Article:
Shombay, Reid Park Zoo's 7-year-old male lion, went into kidney failure almost two years ago and was diagnosed with polycystic kidney disease. Thanks to a program training him to accept being poked with a sharp object, he is being treated successfully.

Dr. Alexis Moreno, Reid Park Zoo's veterinarian, says Shombay is on many of the medications a house cat would receive, but on a 450-pound lion scale. He is now trained to receive subcutaneous fluids twice a week — a form of dialysis — to treat his kidney disease.

Zookeeper Alec Young worked with Shombay, first to get him to lay next to the fence. A barrier is always between the lion and the zookeeper. Food was used as positive reinforcement.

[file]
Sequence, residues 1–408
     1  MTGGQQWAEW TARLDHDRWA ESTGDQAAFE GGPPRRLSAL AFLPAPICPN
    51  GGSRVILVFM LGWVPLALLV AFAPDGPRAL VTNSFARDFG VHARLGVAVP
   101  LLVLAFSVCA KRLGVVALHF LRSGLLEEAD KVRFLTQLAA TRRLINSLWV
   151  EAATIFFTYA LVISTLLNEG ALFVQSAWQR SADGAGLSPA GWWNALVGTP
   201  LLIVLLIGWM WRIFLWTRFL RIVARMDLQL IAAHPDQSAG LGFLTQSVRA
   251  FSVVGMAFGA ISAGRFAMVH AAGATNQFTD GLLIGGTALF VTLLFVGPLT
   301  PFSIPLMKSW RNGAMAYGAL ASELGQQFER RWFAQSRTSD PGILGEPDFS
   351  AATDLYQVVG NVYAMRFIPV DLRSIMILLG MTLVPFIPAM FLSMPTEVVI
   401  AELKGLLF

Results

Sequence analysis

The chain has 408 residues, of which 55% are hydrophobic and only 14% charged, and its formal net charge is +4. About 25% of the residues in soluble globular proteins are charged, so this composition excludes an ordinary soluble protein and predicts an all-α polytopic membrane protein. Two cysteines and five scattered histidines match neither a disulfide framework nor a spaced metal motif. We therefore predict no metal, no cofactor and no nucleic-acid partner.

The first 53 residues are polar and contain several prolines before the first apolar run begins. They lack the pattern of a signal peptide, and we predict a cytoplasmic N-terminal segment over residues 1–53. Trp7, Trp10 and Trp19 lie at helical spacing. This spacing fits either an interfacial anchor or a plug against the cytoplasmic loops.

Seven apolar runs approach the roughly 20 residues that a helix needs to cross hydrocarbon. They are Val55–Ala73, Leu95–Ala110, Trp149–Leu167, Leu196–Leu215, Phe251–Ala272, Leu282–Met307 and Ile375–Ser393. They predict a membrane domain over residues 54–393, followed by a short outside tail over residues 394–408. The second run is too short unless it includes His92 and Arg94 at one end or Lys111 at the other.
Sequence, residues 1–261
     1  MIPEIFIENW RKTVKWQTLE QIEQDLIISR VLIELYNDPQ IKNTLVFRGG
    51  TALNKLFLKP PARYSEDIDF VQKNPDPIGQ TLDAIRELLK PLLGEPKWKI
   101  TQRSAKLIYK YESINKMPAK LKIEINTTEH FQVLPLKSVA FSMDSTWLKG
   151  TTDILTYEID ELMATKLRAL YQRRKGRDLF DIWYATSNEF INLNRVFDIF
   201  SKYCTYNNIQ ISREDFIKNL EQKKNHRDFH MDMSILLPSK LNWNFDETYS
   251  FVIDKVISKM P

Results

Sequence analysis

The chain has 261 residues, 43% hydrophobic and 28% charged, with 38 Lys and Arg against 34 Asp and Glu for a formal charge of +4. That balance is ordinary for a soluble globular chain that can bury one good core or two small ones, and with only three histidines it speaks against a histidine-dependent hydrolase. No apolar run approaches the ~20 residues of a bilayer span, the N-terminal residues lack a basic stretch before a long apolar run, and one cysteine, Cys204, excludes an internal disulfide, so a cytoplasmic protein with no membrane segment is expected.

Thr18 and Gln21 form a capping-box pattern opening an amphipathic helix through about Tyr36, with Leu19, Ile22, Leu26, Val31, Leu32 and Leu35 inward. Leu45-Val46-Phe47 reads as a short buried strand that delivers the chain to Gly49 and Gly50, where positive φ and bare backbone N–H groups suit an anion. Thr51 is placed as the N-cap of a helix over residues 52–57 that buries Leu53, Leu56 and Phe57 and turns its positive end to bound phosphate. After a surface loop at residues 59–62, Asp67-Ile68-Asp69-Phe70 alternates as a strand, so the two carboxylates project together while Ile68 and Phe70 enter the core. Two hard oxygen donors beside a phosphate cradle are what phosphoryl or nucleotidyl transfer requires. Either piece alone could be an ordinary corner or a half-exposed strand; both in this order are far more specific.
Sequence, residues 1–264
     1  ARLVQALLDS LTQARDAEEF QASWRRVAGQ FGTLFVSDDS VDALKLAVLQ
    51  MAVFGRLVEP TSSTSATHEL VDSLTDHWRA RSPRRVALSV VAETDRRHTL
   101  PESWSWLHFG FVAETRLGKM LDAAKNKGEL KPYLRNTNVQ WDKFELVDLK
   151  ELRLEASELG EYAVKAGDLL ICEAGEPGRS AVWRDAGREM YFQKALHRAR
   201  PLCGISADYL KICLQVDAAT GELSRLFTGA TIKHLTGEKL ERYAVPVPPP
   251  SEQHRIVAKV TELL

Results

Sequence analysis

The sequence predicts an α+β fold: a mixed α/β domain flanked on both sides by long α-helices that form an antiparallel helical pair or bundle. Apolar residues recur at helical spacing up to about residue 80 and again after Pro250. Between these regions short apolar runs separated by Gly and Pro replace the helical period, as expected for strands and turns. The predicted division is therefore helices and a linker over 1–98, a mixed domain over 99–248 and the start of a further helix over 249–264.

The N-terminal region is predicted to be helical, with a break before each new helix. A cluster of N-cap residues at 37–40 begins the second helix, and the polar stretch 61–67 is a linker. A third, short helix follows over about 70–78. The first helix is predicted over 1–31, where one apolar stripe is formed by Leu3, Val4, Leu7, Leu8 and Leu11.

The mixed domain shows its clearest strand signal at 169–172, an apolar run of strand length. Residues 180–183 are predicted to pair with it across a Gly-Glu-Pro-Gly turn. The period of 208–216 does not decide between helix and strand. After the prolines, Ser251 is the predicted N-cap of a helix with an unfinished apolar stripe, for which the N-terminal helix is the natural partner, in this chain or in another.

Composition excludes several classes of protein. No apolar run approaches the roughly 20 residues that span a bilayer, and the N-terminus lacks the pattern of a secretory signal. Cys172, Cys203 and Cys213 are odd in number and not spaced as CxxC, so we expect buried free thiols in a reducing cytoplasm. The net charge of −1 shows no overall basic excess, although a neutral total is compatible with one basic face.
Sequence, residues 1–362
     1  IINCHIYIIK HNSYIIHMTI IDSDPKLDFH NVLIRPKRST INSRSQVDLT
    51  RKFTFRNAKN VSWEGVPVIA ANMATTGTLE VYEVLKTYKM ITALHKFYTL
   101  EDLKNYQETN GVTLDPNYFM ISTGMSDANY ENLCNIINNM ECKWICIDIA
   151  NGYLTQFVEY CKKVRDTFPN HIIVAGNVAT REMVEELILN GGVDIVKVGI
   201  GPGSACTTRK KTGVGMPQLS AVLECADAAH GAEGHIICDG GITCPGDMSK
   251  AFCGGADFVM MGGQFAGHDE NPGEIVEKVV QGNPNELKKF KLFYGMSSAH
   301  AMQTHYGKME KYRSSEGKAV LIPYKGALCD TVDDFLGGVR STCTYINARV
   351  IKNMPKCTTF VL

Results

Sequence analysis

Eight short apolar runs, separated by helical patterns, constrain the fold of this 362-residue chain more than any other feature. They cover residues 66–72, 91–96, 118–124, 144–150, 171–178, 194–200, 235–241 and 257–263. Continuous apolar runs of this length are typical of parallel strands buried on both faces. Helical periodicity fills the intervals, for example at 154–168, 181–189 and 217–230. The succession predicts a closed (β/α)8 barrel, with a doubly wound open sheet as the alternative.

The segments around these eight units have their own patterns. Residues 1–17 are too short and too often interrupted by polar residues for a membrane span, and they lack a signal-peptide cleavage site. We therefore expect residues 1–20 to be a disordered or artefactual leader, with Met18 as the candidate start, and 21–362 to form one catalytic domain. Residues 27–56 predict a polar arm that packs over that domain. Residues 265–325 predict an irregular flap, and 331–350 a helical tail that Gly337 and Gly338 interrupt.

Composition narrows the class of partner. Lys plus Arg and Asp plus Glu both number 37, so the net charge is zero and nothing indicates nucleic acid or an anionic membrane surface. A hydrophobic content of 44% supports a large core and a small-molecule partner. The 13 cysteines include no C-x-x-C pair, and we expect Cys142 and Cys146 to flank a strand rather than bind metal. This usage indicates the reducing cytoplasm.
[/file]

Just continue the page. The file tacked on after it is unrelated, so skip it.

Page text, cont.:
Once Shombay would lay down voluntarily, Young got him used to being touched. He would say "touch" and then poke Shombay. If he accepted it well, he would be rewarded. This was done for several weeks.

Then the touch was done with an object that might replicate a needle and the same process was followed. When Shombay reacted negatively, Young would back off and wait a bit and then try again.

Once Shombay accepted the poke with a sharper object, the team followed the same process with the needle and now can give Shombay his fluids by needle.